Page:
When Gratitude Bites | The BridgeMaker

When Gratitude Bites

By on Jun 13, 2012

The deepest craving of human nature is the need to be appreciated. – William James

I don’t remember a time when I didn’t know the importance of being grateful. As a child being grateful was ground into me as meal is ground from a wheat stalk. Hearing these words are some of my earliest memories:

You should be grateful you are able to run, to jump to play outside. Don’t you realize how lucky you are to have friends, to be smart, to have a positive future ahead of you? Look at your sister. She isn’t able to do any of these things.

Bless her heart. She‘s not like you. You are so lucky. She is picked on almost every day she goes to school. You should be grateful.

Your poor sister. She will never drive a car or have a boyfriend. Her opportunities, her entire life is so limited. I hope you are grateful for your opportunity.

Shame or gratitude?

I was not especially grateful for my first lessons in gratitude. Instead I felt shame for my abilities, for what I perceived as my completely undeserved good fortunes. My ’gratitude list’ felt like a burden. It was my destiny to carry this heavy weight of gratitude that often seemed to bury me.

My little girl mind created its own definition of meaning behinds those words, and those meanings were carved on my slate where they can still be found.

Awareness is the first step

Growing older brings more opportunities for disappointment, thereby allowing more opportunities to experience true gratitude: Gratitude for a home, a successful kidney transplant, healthy children who survived being born three months premature 14 years ago.

I am grateful these same children now wreak havoc on any peace of mind I have left and who captivate everyone with their spirits.

I can now fill reams of paper with people, places, and things for which I am sincerely grateful and new entries are added on a daily basis. However, I still struggle with an important aspect of gratitude – the idea of being grateful for myself. It eludes me.

Hearing I am created by God and worthy of love leaves me feeling disconnected and dismayed. For some reason this just does not apply to me.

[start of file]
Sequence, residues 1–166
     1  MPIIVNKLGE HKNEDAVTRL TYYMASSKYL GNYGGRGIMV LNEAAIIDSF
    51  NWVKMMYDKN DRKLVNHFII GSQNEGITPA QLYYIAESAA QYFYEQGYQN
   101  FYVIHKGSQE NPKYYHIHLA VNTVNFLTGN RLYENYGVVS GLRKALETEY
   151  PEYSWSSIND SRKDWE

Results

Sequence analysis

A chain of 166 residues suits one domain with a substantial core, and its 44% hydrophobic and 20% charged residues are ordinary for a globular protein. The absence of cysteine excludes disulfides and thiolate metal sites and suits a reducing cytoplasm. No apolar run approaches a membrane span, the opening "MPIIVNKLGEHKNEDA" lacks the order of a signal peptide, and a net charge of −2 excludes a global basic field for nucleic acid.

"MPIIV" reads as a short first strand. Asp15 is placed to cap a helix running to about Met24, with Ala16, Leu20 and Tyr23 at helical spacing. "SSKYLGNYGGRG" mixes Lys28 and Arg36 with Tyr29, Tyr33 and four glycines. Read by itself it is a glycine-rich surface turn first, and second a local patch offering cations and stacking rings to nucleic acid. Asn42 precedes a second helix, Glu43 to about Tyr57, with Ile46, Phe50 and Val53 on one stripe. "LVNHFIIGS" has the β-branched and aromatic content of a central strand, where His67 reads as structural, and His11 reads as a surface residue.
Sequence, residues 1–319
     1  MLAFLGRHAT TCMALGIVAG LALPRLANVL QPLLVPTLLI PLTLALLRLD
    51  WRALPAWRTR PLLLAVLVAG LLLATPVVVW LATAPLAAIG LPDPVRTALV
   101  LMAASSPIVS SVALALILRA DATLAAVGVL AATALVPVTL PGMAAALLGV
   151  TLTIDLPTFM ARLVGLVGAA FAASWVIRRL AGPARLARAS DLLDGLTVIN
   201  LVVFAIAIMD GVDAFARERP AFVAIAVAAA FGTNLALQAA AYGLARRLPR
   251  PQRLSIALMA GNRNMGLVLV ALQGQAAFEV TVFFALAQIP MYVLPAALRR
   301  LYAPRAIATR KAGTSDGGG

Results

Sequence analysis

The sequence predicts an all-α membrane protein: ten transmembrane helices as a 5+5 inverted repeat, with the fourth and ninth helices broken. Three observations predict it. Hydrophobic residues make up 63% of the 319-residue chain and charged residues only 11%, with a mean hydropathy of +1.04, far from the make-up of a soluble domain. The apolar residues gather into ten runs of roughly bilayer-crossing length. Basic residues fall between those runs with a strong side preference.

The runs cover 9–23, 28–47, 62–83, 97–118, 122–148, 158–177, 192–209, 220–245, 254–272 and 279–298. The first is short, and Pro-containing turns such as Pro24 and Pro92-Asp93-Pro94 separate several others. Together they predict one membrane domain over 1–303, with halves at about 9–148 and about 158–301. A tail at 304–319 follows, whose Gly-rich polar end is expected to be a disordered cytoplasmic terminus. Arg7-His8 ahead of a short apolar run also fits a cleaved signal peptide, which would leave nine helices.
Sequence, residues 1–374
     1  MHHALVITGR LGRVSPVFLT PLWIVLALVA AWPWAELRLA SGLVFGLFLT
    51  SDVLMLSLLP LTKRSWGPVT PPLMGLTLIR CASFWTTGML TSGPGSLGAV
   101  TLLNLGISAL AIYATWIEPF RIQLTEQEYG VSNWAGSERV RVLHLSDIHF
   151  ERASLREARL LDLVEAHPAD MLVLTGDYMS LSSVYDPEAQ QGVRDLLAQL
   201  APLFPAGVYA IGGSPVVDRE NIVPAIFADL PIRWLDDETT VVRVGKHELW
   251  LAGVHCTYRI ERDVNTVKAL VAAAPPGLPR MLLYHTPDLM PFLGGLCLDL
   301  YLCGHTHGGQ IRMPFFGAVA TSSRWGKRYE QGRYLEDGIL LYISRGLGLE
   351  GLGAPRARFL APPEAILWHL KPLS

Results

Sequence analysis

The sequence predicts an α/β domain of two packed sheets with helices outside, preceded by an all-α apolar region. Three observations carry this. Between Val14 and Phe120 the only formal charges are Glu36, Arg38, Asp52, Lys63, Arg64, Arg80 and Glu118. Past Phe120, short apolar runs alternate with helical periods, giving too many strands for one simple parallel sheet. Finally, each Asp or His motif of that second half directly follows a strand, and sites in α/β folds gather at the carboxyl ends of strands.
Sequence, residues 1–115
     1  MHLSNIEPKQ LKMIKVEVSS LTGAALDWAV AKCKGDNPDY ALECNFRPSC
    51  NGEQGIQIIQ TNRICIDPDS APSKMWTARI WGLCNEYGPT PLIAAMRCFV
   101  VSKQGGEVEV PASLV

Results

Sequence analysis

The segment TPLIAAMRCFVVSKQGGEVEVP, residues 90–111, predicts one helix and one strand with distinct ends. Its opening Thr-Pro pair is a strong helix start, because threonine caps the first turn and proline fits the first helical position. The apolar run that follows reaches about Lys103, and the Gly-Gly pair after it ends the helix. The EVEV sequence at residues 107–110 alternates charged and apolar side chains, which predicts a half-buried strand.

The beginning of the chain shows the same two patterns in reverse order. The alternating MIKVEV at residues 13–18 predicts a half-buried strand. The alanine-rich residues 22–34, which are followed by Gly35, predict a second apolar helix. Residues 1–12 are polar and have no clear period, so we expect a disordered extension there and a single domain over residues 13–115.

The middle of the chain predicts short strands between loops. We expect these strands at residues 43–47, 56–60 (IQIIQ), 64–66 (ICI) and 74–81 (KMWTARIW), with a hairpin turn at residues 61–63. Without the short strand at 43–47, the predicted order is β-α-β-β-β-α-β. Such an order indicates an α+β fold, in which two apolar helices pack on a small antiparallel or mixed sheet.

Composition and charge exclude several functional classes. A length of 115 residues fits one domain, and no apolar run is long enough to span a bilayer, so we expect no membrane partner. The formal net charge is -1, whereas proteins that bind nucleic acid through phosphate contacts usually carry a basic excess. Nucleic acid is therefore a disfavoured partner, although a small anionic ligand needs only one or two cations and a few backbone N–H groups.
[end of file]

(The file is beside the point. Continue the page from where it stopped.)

I am working on it. Hard.

I have been working on it for some time, but it is an ongoing struggle. So today I commit to being grateful for the awareness of both the importance of gratitude for self and my difficulties with this. After all, awareness is the first step.

I commit to working on being able to add my own name to my gratitude list, because I so want to be worth it.

Roanne Worsham is the founder of Breathe. Repeat. In her words, “Female in recovery from disordered eating, sex and love addiction, and PTSD. My hope is that writing about my experience will help keep the noise at bay. And, it would be great if someone could find any benefit in my story.”

  • I very much relate to your post, Roanne. Thanks for sharing so honestly. You’re right – awareness is always the first step. I’ll take it with you!

  • sanjayhypnoticlaws


    It takes a lot of courage to be so honest.  Your post really reached out to me – keep posting.  And I hear you on the three kids!  What a blessing they can be when we put aside our egos and see them for what they are.

  • Melinda S.

    You are in the journey of spiritual awakening! Wondering if you are interested to find out about the teaching of the Lotus Sutra, and Soka Gakkai International? Can find out more http://www.sgi.org. Simply chant Nam Myoho Renge Kyo to elevate your buddha nature from within.